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Press Release No.: 3

Date: 28 February 2005

(Geneva) "We are off to a great start for 2005 for international traffic," said Giovanni Bisignani, Director General and CEO of the International Air Transport Association (IATA) as IATA released international traffic data for January. "There is stronger than expected growth in all regions, except for Asia Pacific which suffered from the impact of the Indian Ocean Tsunami."

Passenger traffic showed a 7.9% increase over the same period in 2004, while cargo improved by 15.5%. Asia-Pacific growth was stunted at 2.5% in the aftermath of the Tsunami tragedy. Overall passenger capacity rose by 7.8% leaving the global passenger load factor at 73.5% for January. With the exception of Asia Pacific and the Middle East, traffic gains lead capacity expansion.

Link to January 2005 Statistics

Asia-Pacific, Middle Eastern and European carriers are reporting increasingly better profit numbers while the US industry continues to experience severe difficulties. This is particularly true as US domestic yields suffer severe pressure. Redeployment of US domestic capacity to international routes and the continuing weakness of the US dollar are largely responsible for the 11.8% rise in traffic by North American carriers.

"We will likely achieve 5.9% passenger growth this year, the bottom line remains at risk," said Bisignani. "The persistent high price of fuel will be difficult to absorb. While the profitability picture for the industry is increasingly regionalised there is a universal theme for 2005—austerity.. There is no panacea for the problems of the industry, but cost control must be firmly at the top of the agenda for all players."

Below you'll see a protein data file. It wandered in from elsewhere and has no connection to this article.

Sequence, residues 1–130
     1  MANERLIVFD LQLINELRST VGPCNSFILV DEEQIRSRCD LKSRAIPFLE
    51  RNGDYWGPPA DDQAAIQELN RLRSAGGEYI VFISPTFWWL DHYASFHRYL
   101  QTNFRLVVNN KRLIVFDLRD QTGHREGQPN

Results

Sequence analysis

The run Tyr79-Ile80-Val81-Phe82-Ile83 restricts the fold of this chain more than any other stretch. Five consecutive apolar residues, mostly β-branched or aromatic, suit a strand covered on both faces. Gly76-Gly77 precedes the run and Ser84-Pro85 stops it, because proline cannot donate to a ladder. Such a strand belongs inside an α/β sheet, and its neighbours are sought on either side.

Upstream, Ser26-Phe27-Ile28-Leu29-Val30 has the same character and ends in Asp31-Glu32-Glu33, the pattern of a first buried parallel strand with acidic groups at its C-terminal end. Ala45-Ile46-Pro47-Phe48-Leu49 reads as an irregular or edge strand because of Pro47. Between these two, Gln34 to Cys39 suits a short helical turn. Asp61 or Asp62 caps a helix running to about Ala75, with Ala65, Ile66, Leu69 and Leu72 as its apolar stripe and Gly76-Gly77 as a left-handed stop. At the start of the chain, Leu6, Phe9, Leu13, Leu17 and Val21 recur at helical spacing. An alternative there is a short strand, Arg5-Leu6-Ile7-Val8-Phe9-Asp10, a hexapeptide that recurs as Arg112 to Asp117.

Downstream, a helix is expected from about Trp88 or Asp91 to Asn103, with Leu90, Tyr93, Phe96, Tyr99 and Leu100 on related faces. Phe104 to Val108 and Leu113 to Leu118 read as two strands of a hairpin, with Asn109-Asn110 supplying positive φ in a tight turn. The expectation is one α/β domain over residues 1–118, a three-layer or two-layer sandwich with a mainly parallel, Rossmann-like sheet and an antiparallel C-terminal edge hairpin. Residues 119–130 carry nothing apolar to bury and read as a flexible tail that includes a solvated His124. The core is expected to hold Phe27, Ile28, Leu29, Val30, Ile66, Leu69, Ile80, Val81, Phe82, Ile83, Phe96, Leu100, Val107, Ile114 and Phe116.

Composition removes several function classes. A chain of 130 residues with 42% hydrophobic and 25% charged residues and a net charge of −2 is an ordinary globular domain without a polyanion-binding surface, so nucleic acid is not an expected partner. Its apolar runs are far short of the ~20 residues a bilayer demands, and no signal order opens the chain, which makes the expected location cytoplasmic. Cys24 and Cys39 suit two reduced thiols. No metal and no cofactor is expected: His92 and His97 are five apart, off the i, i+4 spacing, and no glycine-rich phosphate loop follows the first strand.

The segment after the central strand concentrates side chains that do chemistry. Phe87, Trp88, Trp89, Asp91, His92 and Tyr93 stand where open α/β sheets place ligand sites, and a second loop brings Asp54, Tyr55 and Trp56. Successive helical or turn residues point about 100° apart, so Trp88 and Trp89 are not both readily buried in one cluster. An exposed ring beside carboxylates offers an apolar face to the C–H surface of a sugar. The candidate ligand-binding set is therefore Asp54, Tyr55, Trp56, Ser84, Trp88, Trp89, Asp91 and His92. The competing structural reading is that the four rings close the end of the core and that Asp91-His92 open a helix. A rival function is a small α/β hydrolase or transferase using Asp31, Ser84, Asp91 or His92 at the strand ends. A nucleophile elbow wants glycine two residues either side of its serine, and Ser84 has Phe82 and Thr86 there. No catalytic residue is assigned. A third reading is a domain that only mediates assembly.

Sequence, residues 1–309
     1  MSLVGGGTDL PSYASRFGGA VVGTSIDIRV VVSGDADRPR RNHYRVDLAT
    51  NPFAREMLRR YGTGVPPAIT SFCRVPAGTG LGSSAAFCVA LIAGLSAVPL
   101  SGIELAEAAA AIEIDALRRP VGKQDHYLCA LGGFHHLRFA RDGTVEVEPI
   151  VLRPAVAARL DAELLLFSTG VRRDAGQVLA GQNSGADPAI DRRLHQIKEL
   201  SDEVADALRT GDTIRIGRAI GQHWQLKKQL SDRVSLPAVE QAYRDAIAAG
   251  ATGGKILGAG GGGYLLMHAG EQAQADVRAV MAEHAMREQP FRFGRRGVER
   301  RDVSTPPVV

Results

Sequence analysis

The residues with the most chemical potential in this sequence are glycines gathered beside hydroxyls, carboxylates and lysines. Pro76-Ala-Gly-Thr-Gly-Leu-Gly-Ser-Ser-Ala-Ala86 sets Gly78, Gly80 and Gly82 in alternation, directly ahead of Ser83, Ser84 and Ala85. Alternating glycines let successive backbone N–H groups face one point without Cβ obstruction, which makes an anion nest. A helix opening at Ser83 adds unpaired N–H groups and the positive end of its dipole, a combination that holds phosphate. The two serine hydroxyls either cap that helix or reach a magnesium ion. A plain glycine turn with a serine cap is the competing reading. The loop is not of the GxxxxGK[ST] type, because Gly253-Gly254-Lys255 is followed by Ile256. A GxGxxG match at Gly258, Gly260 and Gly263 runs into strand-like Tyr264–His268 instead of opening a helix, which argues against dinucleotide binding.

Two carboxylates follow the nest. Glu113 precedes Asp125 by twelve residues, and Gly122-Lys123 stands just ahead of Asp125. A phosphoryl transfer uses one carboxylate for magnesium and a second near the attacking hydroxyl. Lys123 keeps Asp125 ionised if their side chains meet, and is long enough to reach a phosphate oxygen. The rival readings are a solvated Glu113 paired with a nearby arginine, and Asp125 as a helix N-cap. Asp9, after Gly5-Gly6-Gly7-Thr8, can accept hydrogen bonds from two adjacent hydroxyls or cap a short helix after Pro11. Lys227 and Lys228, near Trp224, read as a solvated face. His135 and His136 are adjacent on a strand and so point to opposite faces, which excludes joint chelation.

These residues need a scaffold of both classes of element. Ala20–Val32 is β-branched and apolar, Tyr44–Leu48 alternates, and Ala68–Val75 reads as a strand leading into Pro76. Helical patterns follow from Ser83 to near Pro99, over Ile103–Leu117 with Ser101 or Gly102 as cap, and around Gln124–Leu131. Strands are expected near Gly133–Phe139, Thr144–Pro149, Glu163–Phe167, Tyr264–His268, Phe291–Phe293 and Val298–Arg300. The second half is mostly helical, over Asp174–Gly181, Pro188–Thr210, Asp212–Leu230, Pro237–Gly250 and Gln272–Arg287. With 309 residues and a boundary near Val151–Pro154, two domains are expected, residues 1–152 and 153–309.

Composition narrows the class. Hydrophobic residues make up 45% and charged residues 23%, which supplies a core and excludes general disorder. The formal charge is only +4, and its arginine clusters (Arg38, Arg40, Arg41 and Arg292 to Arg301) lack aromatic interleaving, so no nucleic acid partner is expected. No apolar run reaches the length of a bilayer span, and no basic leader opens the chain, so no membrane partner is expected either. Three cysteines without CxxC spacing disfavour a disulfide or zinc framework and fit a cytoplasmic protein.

"There is also a severe 'policy risk' to air transport. Politicians and bureaucrats mis-understand and mis-regulate the industry, harming the employer of 4 million people who support a global economic output of over US$1.3 trillion," said Bisignani.

"February was highlighted by two potentially disastrous developments. Europe implemented new rules on compensation for delays and cancellations that fail both the good law and good sense tests. These add costs and complexity to an industry that is simplifying to reduce costs to provide better value to consumers. At the same time politicians are bantering proposals for new taxes on aviation that ignore the fact that aviation already entirely funds its own infrastructure. The industry is beginning to recover—in many ways despite the efforts of some of our regulators," said Bisignani.

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